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A friend of mine, a successful professional, posed this parenting dilemma: Suppose your teenager asks you if you ever smoked pot.  Do you tell him the truth?  What if you smoked not just once, or a couple of times, but a fair amount? A whole lot? What if you tried cocaine?

Things are more dangerous now than they were back then, my friend continued. The pot is stronger.  Itís laced with all sorts of other drugs. You donít want your child to think that if you did it, then itís ok for them to do the same.  You donít want to take chances.  You have to lie.

Iíve thought this over, and I have to disagree. Iím mostly talking from my own personal experience.  For one thing, Iím a lousy liar. Bad at poker, too.  When I was a kid, I tried lying, I got caught, and I decided that the price was too high.  Itís not that Iím not tempted.  On the contrary, every day Iím faced with situations where a lie would come in handy (did I really get a good look at that eardrum hidden behind the wax?).  Iíve just come to believe that the truth has a way of coming out, sooner or later, and itís better sooner than later.

Children, Iíve learned, nearly always know more than their parents think they do.  I pretty regularly run into kids who were adopted and whose parents think itís a secret. It almost never is.  And parents who think their angry conflicts go unnoticed because they keep quiet until after bedtime.  The kids are rarely fooled.  With pot smoking and other teenage misbehavior, the story is likely to leak out eventually, in an overheard conversation or a comment dropped by a loose-lipped family friend.

Does this mean that you have to confess all to your children?  Of course not! Children donít ask what they donít want to know.  And a direct question doesnít always require an equally direct answer.  ďDid you smoke pot when you were in high school, mom?Ē ďThatís a fair question, but I donít think youíre ready yet for that discussion; weíll talk about it when youíre older.Ē Or: ďThatís a fair question, but I donít want to discuss it now.Ē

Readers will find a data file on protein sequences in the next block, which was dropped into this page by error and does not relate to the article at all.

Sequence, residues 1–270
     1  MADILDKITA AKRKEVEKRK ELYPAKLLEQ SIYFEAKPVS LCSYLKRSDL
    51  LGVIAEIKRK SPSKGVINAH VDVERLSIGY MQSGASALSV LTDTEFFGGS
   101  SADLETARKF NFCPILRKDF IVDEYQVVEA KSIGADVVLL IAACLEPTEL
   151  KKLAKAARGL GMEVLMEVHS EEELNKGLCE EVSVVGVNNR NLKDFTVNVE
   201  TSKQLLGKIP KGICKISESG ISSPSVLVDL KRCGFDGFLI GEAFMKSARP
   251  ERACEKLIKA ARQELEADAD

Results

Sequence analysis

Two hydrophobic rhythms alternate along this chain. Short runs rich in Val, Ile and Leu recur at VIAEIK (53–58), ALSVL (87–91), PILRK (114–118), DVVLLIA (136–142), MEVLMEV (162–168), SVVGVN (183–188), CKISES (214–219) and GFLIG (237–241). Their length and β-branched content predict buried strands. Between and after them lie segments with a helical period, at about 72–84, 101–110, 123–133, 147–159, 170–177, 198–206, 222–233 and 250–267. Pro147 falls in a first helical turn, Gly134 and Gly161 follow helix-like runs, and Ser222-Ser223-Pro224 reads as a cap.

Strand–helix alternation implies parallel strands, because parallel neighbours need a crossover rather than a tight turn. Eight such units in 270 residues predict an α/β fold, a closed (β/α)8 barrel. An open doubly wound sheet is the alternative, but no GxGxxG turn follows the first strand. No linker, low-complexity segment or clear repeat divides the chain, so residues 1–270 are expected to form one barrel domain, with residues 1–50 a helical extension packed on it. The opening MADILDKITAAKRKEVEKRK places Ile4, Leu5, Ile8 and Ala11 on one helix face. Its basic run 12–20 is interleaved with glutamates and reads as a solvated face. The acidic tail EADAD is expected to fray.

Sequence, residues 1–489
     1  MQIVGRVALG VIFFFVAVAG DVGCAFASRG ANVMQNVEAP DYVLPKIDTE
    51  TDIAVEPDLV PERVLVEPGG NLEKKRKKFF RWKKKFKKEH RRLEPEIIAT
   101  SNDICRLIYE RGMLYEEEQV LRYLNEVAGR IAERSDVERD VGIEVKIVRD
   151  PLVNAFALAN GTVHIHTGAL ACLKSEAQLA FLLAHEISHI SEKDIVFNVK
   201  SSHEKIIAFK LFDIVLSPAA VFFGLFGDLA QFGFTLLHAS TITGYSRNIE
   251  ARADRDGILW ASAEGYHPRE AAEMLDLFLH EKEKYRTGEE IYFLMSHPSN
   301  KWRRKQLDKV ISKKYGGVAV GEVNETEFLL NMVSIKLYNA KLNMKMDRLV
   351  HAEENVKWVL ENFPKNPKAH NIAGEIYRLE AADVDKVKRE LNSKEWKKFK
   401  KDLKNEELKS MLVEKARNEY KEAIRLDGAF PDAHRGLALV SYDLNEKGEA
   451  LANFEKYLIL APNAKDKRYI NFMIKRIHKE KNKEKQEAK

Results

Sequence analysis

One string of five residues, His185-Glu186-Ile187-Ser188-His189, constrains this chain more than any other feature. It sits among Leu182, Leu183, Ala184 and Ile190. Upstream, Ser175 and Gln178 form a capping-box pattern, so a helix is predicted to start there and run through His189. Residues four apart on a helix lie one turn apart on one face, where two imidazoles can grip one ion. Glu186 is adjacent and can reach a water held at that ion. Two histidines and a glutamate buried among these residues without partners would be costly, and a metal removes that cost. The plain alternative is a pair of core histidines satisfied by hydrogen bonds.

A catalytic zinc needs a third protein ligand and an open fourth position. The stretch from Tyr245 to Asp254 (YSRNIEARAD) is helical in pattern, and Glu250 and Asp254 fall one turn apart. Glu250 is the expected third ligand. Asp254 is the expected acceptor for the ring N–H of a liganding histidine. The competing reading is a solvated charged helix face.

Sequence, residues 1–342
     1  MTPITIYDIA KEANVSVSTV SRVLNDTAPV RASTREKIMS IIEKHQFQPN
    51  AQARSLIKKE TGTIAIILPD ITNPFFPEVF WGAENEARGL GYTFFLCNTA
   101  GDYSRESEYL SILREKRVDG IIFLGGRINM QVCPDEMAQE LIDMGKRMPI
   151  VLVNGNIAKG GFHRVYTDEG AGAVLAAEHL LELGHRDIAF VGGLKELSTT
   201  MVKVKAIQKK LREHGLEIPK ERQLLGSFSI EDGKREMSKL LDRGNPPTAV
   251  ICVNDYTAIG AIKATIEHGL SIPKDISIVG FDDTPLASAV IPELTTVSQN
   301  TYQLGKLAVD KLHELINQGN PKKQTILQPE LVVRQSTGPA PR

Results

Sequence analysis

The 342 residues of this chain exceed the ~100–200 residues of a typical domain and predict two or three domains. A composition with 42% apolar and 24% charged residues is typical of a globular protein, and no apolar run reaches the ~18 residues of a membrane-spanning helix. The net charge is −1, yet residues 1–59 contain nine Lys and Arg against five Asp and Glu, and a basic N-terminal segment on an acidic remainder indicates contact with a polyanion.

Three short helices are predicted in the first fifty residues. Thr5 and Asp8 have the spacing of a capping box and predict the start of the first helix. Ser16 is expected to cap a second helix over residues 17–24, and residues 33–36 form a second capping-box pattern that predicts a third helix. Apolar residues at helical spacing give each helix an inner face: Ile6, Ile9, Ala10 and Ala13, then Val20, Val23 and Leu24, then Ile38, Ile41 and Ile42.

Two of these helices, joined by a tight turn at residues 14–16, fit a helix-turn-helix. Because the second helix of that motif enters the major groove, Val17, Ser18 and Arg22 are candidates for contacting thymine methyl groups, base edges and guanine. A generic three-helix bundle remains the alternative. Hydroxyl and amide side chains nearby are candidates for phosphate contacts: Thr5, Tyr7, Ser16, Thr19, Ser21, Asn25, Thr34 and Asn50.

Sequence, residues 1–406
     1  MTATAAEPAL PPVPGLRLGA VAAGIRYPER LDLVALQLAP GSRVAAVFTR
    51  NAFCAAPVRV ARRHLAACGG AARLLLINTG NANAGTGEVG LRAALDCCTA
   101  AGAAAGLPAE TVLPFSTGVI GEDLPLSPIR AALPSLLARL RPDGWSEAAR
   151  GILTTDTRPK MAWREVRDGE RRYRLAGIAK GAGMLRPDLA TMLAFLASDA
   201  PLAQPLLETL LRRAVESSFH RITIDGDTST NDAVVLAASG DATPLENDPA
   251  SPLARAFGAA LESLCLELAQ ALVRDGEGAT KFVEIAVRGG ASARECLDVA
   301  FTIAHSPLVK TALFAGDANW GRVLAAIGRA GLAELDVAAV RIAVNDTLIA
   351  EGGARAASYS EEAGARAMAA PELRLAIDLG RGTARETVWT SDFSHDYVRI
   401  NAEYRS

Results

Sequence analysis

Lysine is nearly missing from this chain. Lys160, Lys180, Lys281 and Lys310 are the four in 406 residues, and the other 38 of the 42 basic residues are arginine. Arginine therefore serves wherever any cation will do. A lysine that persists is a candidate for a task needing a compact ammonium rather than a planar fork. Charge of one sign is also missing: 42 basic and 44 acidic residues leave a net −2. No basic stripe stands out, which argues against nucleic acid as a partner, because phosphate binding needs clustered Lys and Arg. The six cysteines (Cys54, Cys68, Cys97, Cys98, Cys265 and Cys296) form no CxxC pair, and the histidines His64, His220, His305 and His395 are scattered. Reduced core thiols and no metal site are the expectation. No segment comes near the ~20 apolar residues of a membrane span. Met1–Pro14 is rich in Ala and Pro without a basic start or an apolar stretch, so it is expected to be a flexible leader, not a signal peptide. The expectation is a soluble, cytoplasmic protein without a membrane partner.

You can also respond with a question. When you do this, youíre not simply being evasive or nosy.  Youíre trying to find out what lies behind your childís question.  The discussion might go like this.


Child: ďMom, did you smoke pot when you were a kid?Ē

You: ďWhat makes you ask that now?Ē (or ďHow did that subject come up?Ē)

Child: ďSome of the kids were talking, and one of them said that everybody in high school smokes pot.Ē


Here the real question isnít, ďIs it ok for me to smokeĒ but, ďIs it ok for me not to smoke?Ē

But what if the question is really, Did you smoke?  And what if the truth is, Yes. Fessing up to past misbehavior is not the same as giving permission for it.  Most teens who are old enough to get their hands on drugs are old enough to understand on some level that drugs are dangerous.  And if the fear of being harmed by poisonous substances doesnít deter them, the thought that their parents never transgressed probably wonít either.  If you feel that drug taking is wrong, you can admit to having done it in the past, and still take a strong stance against it now.  That isnít being hypocritical.  We all do wrong things from time to time, and can all decide not to do them in the future.

Most importantly, when you tell a hard truth, you teach your children to trust you, and to tell the truth themselves.  There is no better way to teach this particular lesson.